Computers come in many different guises; some barely resemble a PC at all. We've had it with plain-vanilla and boring black machines, and we've gone designer. Here's how to get a PC that looks good, both inside and out.
You don't have to saddle yourself with an all-in-one PC to save space. A miniature PC is a far more flexible option, as you can position the screen wherever you want and angle it as required (something that isn't always possible with single-unit systems). The tiny box that houses the PC's workings can be placed anywhere you choose, either out of sight or taking up a scant few inches of desk space. You may find such a setup superior to constantly kicking a bulky tower PC.
The best-known maker of miniature PCs is probably Shuttle. As well as selling complete PCs such as the Shuttle XPX X200, the company also acts as an original equipment manufacturer (OEM) supplier for other manufacturers.
Shuttle systems use a micro ATX motherboard – a mainboard that's not much larger than the cover of a hardback book. Such systems tend to feature integrated elements such as onboard sound and don't have the very fastest processors or the most generous hard disks. Even so, mini-ATX computers can be useful as secondary PCs or entertainment machines.
With cost becoming more and more important, Shuttle added a new model to its mini-ATX line-up this February. The £100 Shuttle KPC is a cubed-shaped model with an 80GB hard disk (expandable up to 1.5TB) and 512MB RAM. This can be extended to 2GB depending on the configuration chosen. With 5.1-channel audio, the Linux-based PC has a changeable front fascia that's reminiscent of a digital photo frame.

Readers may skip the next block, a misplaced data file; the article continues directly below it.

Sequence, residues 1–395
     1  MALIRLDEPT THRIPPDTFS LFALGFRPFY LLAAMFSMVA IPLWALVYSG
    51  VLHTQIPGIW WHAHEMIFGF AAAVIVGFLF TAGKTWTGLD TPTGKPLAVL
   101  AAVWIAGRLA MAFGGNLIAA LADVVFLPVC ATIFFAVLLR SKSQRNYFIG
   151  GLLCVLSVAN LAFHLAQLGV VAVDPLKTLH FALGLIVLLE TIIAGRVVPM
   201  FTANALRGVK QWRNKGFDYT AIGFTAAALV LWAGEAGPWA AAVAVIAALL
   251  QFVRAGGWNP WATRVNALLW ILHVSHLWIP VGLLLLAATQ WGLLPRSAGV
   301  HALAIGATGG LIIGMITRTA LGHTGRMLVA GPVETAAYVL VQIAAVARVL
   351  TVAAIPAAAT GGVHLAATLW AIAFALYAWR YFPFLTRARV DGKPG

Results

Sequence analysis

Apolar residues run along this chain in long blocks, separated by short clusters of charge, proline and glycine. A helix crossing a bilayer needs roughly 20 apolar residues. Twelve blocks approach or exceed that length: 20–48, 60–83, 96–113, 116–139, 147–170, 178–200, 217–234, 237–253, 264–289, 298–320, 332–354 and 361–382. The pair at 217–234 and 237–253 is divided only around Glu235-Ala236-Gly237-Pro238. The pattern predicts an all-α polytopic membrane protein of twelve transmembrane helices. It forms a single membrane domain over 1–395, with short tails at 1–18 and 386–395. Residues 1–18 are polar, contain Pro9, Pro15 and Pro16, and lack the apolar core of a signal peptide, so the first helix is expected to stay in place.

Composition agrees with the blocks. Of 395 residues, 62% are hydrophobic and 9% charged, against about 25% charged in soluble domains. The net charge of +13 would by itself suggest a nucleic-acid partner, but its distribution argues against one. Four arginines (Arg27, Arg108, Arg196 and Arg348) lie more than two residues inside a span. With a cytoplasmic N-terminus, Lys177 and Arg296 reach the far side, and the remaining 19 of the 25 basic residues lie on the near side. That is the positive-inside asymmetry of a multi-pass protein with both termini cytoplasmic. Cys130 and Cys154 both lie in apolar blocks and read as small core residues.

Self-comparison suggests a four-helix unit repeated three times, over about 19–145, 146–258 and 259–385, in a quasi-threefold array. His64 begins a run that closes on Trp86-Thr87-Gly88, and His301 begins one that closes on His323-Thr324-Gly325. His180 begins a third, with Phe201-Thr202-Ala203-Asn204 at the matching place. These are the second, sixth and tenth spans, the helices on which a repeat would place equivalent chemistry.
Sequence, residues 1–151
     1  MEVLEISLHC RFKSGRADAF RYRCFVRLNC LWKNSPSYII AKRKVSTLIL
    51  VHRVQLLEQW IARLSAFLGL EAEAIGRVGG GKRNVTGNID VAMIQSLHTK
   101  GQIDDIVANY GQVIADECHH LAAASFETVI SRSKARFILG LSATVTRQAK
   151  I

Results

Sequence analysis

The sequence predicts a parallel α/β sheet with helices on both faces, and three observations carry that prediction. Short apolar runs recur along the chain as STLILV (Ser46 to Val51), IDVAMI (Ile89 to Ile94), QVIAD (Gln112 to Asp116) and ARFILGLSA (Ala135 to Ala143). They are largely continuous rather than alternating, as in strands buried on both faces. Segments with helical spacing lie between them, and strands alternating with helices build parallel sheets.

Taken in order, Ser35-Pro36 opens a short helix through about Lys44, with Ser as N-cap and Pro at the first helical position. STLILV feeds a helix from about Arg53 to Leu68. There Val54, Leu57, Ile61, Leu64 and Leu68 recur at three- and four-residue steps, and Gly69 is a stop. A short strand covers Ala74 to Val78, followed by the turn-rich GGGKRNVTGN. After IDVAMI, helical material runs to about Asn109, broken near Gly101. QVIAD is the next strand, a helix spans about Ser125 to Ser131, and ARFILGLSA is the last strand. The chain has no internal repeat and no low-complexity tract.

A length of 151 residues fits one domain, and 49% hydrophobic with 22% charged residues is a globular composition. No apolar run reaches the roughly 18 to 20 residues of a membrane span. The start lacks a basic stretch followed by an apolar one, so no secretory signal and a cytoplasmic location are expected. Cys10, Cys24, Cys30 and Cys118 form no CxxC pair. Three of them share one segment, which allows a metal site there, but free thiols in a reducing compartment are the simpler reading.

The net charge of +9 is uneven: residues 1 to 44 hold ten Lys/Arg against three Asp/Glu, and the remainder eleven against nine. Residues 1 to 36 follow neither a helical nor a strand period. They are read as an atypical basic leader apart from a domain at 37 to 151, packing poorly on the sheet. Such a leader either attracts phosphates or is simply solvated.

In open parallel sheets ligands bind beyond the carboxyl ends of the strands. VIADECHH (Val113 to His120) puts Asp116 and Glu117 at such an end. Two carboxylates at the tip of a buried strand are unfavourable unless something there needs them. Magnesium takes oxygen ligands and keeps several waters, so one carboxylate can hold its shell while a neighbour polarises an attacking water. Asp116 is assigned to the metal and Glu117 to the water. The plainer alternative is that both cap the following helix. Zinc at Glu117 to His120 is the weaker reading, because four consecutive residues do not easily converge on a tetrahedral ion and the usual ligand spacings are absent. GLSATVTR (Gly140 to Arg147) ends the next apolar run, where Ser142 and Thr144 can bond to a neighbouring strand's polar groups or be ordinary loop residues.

For those that want to spec out the KPC themselves, the Shuttle machine will also be sold barebones for just $99 (£50).
Shuttle sells many of its machines this way, which makes it ideal for other manufacturers to use them as a base.
Tranquil PC also aims to keep your outlay low while offering a miniature platform for basic computing. The design isn't as appealing as some of the others we've featured, but if your needs run to a capable but tiny system that's near silent in operation, its range is worth a look.
Prices start from £198 for a 600MHz Linux Puppy-based setup with 256MB of RAM. An extra £50 turns this allocation into a rather more acceptable 1GB, although the lack of hard disk space will be a worry for many users.
Up-to-date specifications can be found on mini systems by AOpen. Like Shuttle, it's in essence an OEM company that offers a range of fascias and upgrade options to its Penryn-based PC base units.
Models such as the MP965 DR come with a remote control, making them a good bet for entertainment use. A slide-in optical bay and hidden ports combined with the shiny casing make them a good alternative to Apple's derivative Mac mini.
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